You can see the rain moving from east to west, from Tamuning/Barrigada towards Hagåtña.
CHATTA-AN : a rainy, stormy day
It's a gloomy, dark and rainy day on Guam today. What better word to learn than the word describing the day.
I know the linguistic powers spell it chata'an or something nearly identical to that. But I'd like to invite them to consider the suggestion that there are two t's there. We don't say cha - ta - an. We say chat - ta - an. Notice how we pause at the t to give it that good strong emphasis. And, try as I might, I don't feel the back of my throat close in between the two a's. They are two, distinct a's to be sure; but the back of my throat feels fine. It's the dilemma of Chamorro orthography yet to be resolved. It appears in other words, like li'e. We put a glottal stop there because we need to separate the i and the e when we say the word. But do we really say li' + e? Or do we simply say li + e? Or the word to'a. Is the glottal stop really there in the pronouncing of the word? We might want to consider the usefulness of a dash (-). Well, enough quibbling.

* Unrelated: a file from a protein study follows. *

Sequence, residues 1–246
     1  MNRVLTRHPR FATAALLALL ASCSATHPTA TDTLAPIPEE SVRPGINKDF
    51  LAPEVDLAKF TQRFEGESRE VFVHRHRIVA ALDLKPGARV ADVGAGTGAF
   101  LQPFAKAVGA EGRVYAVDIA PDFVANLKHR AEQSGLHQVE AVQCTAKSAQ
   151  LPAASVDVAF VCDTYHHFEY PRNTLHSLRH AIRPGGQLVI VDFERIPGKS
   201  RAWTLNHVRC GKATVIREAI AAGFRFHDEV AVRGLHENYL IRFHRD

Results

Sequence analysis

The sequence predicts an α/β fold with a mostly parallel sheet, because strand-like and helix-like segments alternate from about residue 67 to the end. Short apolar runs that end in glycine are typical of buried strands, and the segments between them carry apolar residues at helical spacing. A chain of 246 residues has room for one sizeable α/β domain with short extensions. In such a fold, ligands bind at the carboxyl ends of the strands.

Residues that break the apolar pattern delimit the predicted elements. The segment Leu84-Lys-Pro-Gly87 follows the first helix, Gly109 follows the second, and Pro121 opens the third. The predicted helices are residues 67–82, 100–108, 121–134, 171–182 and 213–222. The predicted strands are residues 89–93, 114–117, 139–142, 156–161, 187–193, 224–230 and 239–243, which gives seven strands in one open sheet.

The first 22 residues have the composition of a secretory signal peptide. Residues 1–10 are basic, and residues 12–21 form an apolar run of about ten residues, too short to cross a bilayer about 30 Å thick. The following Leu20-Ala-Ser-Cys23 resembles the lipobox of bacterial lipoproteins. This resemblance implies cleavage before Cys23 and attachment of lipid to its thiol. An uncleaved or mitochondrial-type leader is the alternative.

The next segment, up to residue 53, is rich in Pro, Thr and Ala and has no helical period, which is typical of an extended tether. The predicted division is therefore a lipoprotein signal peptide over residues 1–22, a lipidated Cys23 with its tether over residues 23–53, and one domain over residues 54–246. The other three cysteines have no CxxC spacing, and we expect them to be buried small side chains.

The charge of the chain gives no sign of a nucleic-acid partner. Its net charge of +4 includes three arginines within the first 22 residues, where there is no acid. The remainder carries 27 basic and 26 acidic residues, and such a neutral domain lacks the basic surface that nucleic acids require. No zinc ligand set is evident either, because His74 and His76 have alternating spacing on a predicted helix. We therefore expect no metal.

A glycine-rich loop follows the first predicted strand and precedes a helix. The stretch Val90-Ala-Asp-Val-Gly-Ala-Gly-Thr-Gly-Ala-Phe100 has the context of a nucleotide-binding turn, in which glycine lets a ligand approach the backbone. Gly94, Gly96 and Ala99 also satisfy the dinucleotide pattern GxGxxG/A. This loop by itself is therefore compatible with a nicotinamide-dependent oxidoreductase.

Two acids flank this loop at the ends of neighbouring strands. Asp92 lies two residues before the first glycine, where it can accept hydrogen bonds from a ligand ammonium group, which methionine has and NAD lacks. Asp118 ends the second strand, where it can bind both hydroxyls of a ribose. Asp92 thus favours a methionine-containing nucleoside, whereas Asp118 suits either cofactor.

Chatta-an or chata'an comes from two root words : chat and ha'åne.
Ha'åne means "day." It can also mean "life." In chatta-an, the first meaning is referenced.
Chat is a prefix meaning "imperfect, badly, inadequately." For example, guiya means "him" or "her" or "it." Chatguiya means "he's not himself," as in, "he's not feeling well."
Chatta-an thus literally means "an imperfect day" but is used to describe a day of inclement weather.